New lease of life for Kenya's 'lunatic' railway

BBCNew lease of life for Kenya's 'lunatic' railway

Kenya has ambitious plans to build a modern railway that could be a catalyst for transforming East Africa.

A major part of the project involves upgrading the existing line between Mombasa on the Indian Ocean to the shores of Lake Victoria - the route once dubbed the "lunatic line" because of the high cost of building it - both in terms of money and human life.

The upgrade in Kenya will cost between $3bn to $5bn (£1.8bn to £3bn).

Mugo Kibati of Kenya's Vision 2030, an ambitious development plan for Kenya that aims to see annual growth rates of 10% over the next 20 years, said the new railway would play a key role in bringing that about.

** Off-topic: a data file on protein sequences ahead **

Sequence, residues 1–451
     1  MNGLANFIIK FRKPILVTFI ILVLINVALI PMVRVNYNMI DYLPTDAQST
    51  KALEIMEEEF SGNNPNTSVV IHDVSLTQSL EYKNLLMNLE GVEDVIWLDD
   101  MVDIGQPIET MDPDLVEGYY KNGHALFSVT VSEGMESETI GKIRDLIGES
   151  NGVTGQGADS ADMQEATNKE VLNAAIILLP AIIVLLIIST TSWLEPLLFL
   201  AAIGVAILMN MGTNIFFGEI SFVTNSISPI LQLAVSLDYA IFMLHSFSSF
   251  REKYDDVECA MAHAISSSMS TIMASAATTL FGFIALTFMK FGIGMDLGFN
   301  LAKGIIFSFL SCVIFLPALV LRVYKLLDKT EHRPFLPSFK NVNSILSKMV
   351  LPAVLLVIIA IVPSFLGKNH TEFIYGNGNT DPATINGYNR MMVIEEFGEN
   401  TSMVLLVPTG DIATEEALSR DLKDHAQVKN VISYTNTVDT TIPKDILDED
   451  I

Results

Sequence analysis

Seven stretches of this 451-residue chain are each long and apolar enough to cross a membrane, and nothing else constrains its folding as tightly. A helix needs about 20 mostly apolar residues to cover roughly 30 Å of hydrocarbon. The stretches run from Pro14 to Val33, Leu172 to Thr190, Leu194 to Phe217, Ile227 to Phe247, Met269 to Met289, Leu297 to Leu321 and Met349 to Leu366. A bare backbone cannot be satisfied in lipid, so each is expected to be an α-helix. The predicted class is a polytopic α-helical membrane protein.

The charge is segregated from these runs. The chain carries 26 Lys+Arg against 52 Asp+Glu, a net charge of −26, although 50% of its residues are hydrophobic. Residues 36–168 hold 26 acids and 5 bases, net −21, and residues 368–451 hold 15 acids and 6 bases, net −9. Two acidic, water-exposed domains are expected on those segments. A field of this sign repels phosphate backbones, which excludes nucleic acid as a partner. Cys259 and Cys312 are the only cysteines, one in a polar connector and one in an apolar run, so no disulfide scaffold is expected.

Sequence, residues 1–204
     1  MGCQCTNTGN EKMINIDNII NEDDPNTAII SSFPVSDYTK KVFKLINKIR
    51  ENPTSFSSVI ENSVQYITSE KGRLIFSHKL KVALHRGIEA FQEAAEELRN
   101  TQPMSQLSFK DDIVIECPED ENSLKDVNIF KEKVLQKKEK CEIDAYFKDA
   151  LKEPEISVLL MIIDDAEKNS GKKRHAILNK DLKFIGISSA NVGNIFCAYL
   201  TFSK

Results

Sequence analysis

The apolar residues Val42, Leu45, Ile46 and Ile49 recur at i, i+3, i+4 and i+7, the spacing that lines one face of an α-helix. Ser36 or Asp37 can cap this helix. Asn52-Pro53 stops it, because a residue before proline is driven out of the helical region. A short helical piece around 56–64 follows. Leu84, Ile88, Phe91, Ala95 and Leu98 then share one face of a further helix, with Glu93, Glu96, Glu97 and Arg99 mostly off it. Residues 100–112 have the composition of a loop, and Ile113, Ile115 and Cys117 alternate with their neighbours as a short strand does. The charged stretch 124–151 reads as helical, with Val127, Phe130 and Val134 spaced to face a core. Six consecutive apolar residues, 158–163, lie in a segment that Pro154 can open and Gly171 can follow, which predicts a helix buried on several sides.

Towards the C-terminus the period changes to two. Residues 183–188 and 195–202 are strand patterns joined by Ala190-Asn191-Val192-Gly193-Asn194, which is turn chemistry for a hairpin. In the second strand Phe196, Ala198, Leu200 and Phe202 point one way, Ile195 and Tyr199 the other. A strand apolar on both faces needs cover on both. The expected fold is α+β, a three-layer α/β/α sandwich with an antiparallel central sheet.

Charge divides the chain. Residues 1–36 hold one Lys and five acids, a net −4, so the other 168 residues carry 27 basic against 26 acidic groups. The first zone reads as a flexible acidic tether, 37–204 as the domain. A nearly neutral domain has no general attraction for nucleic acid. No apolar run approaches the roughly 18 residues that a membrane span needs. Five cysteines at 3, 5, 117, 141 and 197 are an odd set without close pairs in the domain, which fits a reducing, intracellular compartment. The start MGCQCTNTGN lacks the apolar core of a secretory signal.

Privately (and/or foreign, in this case Chinese) funded new railways are completely appropriate in "developing" countries, building them is how they replace the "ing" with "ed".

But what happens when the railroad goes bankrupt? The foreign capitalists (communist/capitalists) lose their stock, but the railroad remains in place, definitely a good thing for the locals. (Now, why would you, or the Chinese, invest in such a thing, that is the difficult question).

David Levinson

Network Reliability in Practice

Evolving Transportation Networks

Place and Plexus

The Transportation Experience

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Assessing the Benefits and Costs of Intelligent Transportation Systems

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This page contains a single entry by David Levinson published on July 18, 2011 8:25 AM.

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